|Epilogue: Horror and Exploitation|
|The Amityville Horror book|
“George and Kathy Lutz moved into 112 Ocean Avenue on December 18. Twenty-eight days later, they
fled in terror.” So begins Chapter One of Jay Anson’s novel, The Amityville Horror. Written as a
work of nonfiction, the book purports to relate the day-to-day events that drove the new residents of High Hopes from their
home in terror. The book became a runaway bestseller, and was made into a popular movie starring Rod Steiger, Margot
Kidder and James Brolin. “Their fantastic story, never before disclosed in full detail, makes for an unforgettable
book with all the shocks and gripping suspense of The Exorcist, The Omen or Rosemary’s Baby, but with one vital
difference…the story is true,” reads the trailer on the book’s back cover.
|The Side view of 112 Ocean Avenue (CORBIS)|
The one vital difference between truth and fiction is what paranormal investigator Dr. Stephen Kaplan spent
many years trying to expose in regard to the Amityville “Horror.” Now deceased, Dr. Kaplan was a well-respected
Long Island parapsychologist. The founder of the Parapsychology Institute of America, he was a frequent guest on the
WBAB radio program, “Spectrum with Joel Martin.” On February 16, 1976, shortly after the Lutz family “fled”
from the house on Ocean Avenue, Dr. Kaplan received a phone call from George Lutz, requesting that Dr. Kaplan and his associates
investigate the house. As Dr. Kaplan recalled in his account of the incident, “The Amityville Horror Conspiracy”,
this initial conversation immediately began to arouse his suspicions as to the validity of George’s claim that the house
was haunted by demons and all variety of evil spirits.
“I began to ask questions. What actually happened to him and his family? George…says
that he simply can’t describe the psychic phenomena. But there are demons there. He even knows their names!
“ ‘What are their names?’ I ask. [George] won’t tell me. He claims they’ll
appear if he as much as mentions their names out loud.
“ ‘Who told you that?’ I ask.
“ ‘I read it in a book.’ I ask him for the title, but he can’t remember -- he’s
read so many books since they bought the house. Books on demonology, witchcraft, Satanism, ghosts, psychic phenomena
-- the list went on and on. And all in just a few short weeks, or so George claims.
“I press him about the demons and he answers by reciting ‘facts’ he has learned about demons
and Satan worship. In a discussion about witchcraft, [George] mentions Ray Buckland, a prominent witch in the area who
ran the Witchcraft Museum in Bayshore before moving to New England.
I am getting more suspicious by the minute. Didn’t George just tell me that he knew nothing of
the occult up until the past two months? Ray Buckland had been gone from New York for a year or two now. That
would mean George had discussed ‘the craft,’ as it is called, with one of the most knowledgeable witches in the
country long before he bought the house.”
Dr. Kaplan’s doubts about the veracity of the Lutz haunting were confirmed a year-and-a-half later,
when he received a copy of The Amityville Horror. Reading it from cover to cover, he swiftly came to the conclusion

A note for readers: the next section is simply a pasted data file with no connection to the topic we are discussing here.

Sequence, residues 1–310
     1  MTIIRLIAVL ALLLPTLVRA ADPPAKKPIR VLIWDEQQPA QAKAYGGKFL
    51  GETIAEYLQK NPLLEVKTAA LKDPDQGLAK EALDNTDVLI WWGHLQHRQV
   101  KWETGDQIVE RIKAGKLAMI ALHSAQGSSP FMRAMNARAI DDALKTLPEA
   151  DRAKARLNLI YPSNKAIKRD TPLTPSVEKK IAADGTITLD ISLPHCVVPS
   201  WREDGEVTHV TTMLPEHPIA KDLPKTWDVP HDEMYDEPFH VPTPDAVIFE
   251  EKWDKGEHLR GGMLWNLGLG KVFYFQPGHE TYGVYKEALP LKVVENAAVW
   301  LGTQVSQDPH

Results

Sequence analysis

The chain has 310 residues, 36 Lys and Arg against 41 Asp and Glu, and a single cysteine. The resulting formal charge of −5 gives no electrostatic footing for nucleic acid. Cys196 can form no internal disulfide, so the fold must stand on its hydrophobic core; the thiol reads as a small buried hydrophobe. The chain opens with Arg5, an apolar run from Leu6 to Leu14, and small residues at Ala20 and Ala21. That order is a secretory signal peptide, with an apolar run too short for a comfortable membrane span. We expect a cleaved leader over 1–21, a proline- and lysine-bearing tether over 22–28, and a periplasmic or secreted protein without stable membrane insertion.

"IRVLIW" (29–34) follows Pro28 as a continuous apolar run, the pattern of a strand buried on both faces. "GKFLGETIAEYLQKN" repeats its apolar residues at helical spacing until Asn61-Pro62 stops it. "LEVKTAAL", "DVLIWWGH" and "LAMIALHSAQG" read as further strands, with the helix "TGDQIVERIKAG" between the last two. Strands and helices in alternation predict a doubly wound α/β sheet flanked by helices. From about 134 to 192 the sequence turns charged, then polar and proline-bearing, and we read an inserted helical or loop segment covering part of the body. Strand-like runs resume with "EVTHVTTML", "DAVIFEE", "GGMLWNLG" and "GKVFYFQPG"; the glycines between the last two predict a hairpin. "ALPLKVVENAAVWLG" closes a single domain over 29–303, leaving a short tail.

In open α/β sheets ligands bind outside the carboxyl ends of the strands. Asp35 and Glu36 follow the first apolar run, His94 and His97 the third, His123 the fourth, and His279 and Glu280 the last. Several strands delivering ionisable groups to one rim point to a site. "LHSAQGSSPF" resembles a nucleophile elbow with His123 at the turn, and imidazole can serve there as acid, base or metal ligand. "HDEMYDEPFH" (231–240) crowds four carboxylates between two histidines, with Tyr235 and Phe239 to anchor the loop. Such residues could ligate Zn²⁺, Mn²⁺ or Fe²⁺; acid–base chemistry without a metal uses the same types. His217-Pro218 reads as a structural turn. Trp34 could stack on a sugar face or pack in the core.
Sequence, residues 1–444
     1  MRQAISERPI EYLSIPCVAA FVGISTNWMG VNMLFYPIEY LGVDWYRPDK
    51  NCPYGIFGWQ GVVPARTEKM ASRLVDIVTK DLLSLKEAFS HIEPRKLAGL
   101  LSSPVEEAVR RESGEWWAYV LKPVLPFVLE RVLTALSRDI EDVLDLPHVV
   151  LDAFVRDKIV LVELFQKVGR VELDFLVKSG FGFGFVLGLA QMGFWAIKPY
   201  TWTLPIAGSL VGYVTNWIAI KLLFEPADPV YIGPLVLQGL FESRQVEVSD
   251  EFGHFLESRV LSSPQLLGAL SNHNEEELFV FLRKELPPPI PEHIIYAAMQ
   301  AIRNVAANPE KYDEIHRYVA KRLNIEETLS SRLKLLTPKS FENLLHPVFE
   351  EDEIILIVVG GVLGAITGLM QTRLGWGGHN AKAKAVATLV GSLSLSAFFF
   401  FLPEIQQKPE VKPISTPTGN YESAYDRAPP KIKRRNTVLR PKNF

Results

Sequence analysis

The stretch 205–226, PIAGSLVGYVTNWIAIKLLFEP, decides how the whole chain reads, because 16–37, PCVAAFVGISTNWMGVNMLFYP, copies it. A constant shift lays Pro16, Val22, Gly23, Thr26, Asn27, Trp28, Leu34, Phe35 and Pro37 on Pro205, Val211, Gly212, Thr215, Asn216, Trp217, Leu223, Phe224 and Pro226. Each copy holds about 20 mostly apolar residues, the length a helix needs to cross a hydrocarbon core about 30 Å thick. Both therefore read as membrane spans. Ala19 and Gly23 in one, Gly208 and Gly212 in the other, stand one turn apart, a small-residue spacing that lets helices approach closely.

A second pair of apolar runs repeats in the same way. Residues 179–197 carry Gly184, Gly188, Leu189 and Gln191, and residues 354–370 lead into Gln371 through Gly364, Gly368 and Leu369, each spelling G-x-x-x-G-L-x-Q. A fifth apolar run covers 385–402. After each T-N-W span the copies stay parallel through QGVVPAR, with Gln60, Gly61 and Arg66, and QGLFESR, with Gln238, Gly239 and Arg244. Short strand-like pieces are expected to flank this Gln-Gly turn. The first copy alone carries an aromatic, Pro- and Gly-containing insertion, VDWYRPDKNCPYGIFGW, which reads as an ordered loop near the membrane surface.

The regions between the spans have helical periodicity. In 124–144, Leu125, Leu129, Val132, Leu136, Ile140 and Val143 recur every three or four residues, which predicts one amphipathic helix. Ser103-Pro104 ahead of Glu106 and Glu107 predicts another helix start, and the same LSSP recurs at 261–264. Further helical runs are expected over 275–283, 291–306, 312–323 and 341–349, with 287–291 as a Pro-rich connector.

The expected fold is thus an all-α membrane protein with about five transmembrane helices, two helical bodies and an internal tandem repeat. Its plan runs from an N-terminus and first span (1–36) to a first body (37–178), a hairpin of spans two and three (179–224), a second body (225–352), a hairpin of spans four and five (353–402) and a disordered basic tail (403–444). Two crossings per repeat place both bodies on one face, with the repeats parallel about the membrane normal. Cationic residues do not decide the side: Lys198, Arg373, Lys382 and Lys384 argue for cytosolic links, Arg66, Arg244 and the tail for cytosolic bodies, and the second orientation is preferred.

that George had indeed done his witchcraft and demonology homework -- the account was packed with every sort of ghost, ghoul,
poltergeist, and demon, all of which employed every trick in the book to terrorize the Lutz family, but could not scare them
into leaving for an entire month. The inconsistencies and fabrications Dr. Kaplan found include:
- The complete exaggeration of the role a priest friend played in the whole drama. In the book, a priest
character named Fr. Mancuso is terrorized by a demon while trying to bless the new home. He is then stalked by the specter
back to the rectory, where he is afflicted with boils, bleeding palms (a la stigmata), a fever, and the pervasive scent of
excrement. In real life, a priest did bless the house, and did have some concern about the possibility of a haunting.
Both the real priest and rectory were unharmed by any such demon.
- Henry’s Bar, the scene of Butch’s shocking revelation, is referred to as the “Witches Brew.”
An imaginary police sergeant named “Gionfriddo” mentions that the police discovered the murders because Butch
told the bartender, a depiction of events that doesn’t even come close to how they really occurred.
- The supernatural phenomena that the Lutz’s describe witnessing is too wide-ranging, which is to say
that no one home could possibly hold enough demons, spooks, etc. to cause everything they say happened to them. For
instance, George claims that a porcelain lion leapt from a corner of the living room and “bit” him on the ankle;
George saw a ghostly vision of Ronnie DeFeo, Jr.’s head floating in the cellar; George and his wife Kathy believe they
saw the burned impression of a demonic, hooded figure on their fireplace; Kathy levitated above their bed; Kathy looked in
the mirror and saw a decrepit elderly woman looking back; the toilets backed up with black smelly ooze, and the walls of the
house were covered with slime; George and Kathy looked out the living room window and saw a floating pig with glowing red
|George & Kathy Lutz|
In the end, this tale of horror and demonic possession was debunked by the Catholic Diocese of Rockville Center,
the Amityville Police Department, William Weber (Butch DeFeo’s defense attorney), U.S. District Court Judge Jack Weinstein,
and even George and Kathy Lutz, who ended up recanting certain parts of the tale. The new owners of 112 Ocean Avenue
in Amityville were disturbed by no other visitors than the hordes of curious onlookers, and those convinced that theirs was
a haunted house. This entire fabrication detracted from what was in fact the true horror of Amityville, the cold-blooded
murder of six innocent people by one of their own family members.